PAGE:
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This small (6 x 8.5 inches) watercolour by Thomas Rowlandson is coming up for sale in the UK in a couple of weeks.

Images such as this were often sold surreptitiously in many of the satirical printshops of late 18th and early 19th-century London. These pictures often ranged from bawdy designs that could be sold discreetly but safely over the counter, to outright pornography which was usually exchanged clandestinely beneath it.

The illicit nature of the trade means that we inevitably know very little about it. What is clear however is that the illegal nature of indecent images meant that they commanded a premium price which even the most respectable West End printsellers found hard to resist. Some dealers even began trading in original erotic artworks which were more expensive still. Ann Aitken for example, the wife of the satirical printseller James Aitken, seems to have sustained the family business on little more than pornographic drawings in the years following her husband’s arrest and imprisonment in 1801. She would eventually follow her husband to prison in 1803, after being tricked into revealing her stock of pornographic pictures to an informer of the Society for the Suppression of Vice.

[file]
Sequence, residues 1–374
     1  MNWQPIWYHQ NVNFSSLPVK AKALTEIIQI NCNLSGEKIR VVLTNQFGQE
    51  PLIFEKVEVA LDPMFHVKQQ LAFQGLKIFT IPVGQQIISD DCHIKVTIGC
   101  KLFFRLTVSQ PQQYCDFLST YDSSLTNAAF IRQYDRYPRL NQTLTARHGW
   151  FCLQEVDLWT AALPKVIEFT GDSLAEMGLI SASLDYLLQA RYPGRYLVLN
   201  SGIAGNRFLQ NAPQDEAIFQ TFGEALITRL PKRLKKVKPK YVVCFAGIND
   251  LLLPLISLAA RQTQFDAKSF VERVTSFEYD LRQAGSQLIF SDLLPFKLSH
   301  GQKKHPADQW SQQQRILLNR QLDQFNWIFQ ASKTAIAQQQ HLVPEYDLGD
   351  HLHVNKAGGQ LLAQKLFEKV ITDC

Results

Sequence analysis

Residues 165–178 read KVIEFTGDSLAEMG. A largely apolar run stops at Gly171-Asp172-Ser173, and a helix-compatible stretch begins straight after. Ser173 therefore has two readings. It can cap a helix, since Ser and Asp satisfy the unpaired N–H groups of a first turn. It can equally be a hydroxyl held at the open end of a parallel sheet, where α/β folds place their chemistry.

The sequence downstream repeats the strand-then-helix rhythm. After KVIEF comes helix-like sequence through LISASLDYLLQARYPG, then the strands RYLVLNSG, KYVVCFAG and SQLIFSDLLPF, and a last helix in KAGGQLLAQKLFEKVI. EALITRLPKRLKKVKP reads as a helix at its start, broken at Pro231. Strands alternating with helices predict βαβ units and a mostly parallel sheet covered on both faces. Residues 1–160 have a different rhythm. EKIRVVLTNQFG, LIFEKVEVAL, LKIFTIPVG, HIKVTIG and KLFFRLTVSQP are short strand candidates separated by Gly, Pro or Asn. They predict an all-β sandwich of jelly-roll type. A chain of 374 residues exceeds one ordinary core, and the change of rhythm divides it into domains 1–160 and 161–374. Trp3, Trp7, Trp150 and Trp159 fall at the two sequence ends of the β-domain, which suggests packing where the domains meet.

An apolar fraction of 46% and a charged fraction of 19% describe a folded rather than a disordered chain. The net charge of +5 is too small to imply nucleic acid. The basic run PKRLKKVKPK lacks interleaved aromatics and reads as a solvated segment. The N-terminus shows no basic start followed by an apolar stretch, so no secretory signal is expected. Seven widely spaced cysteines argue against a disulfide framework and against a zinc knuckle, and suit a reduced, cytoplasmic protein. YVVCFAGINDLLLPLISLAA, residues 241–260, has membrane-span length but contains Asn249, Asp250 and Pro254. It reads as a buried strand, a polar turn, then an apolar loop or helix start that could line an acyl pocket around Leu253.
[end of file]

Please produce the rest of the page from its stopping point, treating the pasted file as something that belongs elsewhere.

Rowlandson’s involvement with the world of Georgian erotica and pornography is well-known and he seems to have embraced the trade with an enthusiasm which cannot have been based on commercial considerations alone. This painting, which is small enough to have been pasted into a gentleman’s scrapbook or tucked away in some other discreet hiding place, was presumably produced to be sold directly to a private client of the artist’s, or to a printseller who dealt in such items.

The auctioneer’s estimate on this picture is £600 – 800.

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